What I’m Eating

Before I left for Macedonia, I asked all my friends and coworkers what they wanted to know about my new country.

With the exception of one friend, who wanted me to send pictures of Alexander the Great’s boyhood home, the first thing everyone asked about was the food.

We spent the first week of training living at a private school in Tetevo, eating cafeteria style. We’ve been told not to expect anything as nice as this school for the rest of our stay. I’m not sure how the food will change after we leave, but here are some of the things I’ve had while here:

The first Macedonian meal Sunday afternoon included savory bread stuffed with salty cheese. (Everything here is made with salt and oil. That will take a little adjusting). We also had heavily sautéed zucchini and some relative of the bell pepper. There was a cabbage salad. The cabbage is shredded like coleslaw, but it’s only dressed in oil and vinegar. (It’s also been offered at every meal since. Cabbage is big here.) I also grabbed a plum, which was delish.


I slept through dinner the first night. It was an accident. I love dinner.

My mind was telling me no, but my body was telling me zzzzz……(I don’t see nothing wrong, with a little nap.)

Monday breakfast was hard-boiled eggs, sliced tomatoes (in season and perfect), a small piece of salty, white cheese, a choice of bread, a cube of butter and a spoonful of jam. Some kind of bologna-looking meat was also offered, but I passed.

Lunch was baked chicken, (which I skipped,) rice, a noodle, broth soup and more cabbage salad. I made the mistake of adding what I thought was a curry powder to my rice. It was just yellow-colored salt.

Monday’s dinner is where it got really wonderful. (I represented America by taking photos of all my food.) I went to a restaurant in Tetevo with a PCV starting her second year and six other trainees. Of the group, five were vegetarians (or some derivation) so we ordered a mostly meat-free sampling for the table. Both the white cheese over fresh cucumbers and tomatoes and the plate of assorted veggies (carrots, white and red cabbage, tomatoes, cucumbers, lettuce and beets) are traditional Macedonian dishes. We also had some bomb baked beans. They weren’t the kind of beans you think of at a barbecue. The seasoning was delish. It’s a recipe I’m going to need to track down.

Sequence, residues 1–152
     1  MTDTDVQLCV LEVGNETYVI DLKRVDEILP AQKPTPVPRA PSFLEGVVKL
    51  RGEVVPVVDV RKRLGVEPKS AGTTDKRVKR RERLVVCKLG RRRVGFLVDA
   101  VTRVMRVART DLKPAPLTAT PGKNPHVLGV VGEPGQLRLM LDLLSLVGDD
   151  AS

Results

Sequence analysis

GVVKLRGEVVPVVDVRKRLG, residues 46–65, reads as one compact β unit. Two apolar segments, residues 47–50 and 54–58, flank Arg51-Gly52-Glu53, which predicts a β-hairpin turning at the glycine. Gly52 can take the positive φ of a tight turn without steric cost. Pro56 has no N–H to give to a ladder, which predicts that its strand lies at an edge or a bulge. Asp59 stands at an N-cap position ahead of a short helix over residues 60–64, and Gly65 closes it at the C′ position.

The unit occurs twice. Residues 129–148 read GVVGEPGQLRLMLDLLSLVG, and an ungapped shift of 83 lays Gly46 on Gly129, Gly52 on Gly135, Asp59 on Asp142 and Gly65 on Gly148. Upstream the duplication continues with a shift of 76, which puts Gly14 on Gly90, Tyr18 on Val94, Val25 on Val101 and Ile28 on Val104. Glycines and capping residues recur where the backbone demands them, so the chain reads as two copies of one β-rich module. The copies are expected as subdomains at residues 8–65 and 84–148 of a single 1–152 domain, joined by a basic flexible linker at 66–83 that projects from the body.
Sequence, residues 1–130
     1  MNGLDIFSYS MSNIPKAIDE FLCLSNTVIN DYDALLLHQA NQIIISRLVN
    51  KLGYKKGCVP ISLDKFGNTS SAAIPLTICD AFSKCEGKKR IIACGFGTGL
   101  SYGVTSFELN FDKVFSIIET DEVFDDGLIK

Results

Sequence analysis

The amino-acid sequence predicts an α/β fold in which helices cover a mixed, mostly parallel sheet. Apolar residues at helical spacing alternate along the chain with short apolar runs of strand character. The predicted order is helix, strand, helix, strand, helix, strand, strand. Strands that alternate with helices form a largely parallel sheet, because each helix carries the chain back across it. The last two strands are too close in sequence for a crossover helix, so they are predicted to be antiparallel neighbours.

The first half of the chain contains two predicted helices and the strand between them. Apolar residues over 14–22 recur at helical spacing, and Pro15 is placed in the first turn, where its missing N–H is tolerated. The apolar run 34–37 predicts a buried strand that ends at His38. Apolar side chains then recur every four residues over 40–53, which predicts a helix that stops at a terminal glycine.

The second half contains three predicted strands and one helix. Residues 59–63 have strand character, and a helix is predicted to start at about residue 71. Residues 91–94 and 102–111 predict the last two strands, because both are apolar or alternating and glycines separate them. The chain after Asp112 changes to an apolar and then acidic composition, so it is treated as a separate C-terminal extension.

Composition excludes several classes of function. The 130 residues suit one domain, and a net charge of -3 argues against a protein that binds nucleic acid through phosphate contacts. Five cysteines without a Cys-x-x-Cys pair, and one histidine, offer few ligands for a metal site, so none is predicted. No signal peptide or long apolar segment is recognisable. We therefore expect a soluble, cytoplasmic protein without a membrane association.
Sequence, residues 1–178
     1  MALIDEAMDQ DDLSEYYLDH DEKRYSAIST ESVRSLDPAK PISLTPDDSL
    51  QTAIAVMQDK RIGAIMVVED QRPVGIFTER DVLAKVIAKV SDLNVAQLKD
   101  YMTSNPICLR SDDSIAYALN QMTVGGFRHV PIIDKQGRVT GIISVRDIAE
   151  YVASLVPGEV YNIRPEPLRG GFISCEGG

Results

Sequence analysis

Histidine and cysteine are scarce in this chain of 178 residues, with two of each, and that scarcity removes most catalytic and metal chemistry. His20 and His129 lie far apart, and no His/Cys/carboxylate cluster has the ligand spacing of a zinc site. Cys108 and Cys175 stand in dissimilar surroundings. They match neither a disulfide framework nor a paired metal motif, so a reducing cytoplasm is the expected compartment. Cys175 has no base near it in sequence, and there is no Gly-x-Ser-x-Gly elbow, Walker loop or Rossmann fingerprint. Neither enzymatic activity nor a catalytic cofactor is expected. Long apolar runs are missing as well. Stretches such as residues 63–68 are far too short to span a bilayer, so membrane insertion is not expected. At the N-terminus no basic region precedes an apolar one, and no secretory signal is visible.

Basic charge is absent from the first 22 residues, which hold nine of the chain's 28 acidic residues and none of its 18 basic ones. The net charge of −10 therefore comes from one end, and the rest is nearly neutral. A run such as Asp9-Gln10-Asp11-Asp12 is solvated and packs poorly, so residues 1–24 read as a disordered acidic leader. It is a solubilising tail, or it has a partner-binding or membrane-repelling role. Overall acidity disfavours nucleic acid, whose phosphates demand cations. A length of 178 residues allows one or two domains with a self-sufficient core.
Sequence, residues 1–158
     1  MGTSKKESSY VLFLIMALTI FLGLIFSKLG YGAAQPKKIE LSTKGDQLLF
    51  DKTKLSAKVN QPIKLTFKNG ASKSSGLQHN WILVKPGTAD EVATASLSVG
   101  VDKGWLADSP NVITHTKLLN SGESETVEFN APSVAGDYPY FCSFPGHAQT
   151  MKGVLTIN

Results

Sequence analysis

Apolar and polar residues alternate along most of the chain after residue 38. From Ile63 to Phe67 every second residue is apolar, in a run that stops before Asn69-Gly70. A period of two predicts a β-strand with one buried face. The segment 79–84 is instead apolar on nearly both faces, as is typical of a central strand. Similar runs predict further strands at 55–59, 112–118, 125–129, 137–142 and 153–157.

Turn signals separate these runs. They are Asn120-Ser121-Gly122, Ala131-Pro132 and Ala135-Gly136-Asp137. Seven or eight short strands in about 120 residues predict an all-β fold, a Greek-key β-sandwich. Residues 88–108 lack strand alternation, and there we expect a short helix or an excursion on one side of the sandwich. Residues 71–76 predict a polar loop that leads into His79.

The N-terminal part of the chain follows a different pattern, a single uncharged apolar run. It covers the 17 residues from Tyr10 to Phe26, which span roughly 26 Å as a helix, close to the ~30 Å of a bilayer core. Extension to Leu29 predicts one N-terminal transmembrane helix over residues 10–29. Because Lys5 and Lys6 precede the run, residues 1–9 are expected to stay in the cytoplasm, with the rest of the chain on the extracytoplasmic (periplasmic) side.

We also shared fries and pizza, again topped with seasonal veggies. The crust was naan-like and I was hungry and distracted, so I almost forgot to take a picture of it. Don’t mind the bite marks.


I’ve been a mostly vegetarian for a while now and coming into the Peace Corps, I considered falling off the wagon for two years. I still might, but I’d like to try to stick to the veggie life as much as I can. I’ve been told that if I make it clear to my home stay family and stick with it, I’ll be able to skip out on meat without being disrespectful.

I don’t want to be a bratty American who is fussy about food, so I’m going to be flexible. For instance, we went out in Tetevo again Wednesday and everything but the French fries on the menu included meat.

When in Tetevo.


I had a donër (basically a lamb gyro) which was delish and a banana cream soda. They didn’t have any water in the cooler, so I went for the funkiest variety. I loved that everything was in glass bottles. (The wine came after dinner. Each bottle was about 200 denar or around $4 each.)

I’ve only been drinking water so far. One of the great things about Macedonia is the tap water is safe to drink most places. Peace Corps does provide a distiller to some volunteers, but I think it’s more about personal preference. I’ve also been told that drinking water as opposed to soda or other drinks can be a status indicator because the other drinks cost more. I’m probably going to stick with water anyway.

There a ton of fun snack food with labels I can’t read yet. (Well, I can phonetically sound out the labels, but I don’t know what the words mean.) We’ll save all the snacks for another day. Tonight, I inhaled a candy bar with a lion on the wrapper, some cheese puff looking snacks that tasted like peanut butter and these chipsys. They were the spiciest thing I’ve encountered so far.


Tonight, we went off site again and had that tomato, cucumber, cheese salad. If that’s a staple in my diet, I’m not mad. I also had a stuffed pepper filled to capacity with that salty, white cheese and then fried. It was like a giant jalapeno popper, minus the heat.


It should be a little different with a family, so you can be sure this won’t be the last “what I’m eating” post.


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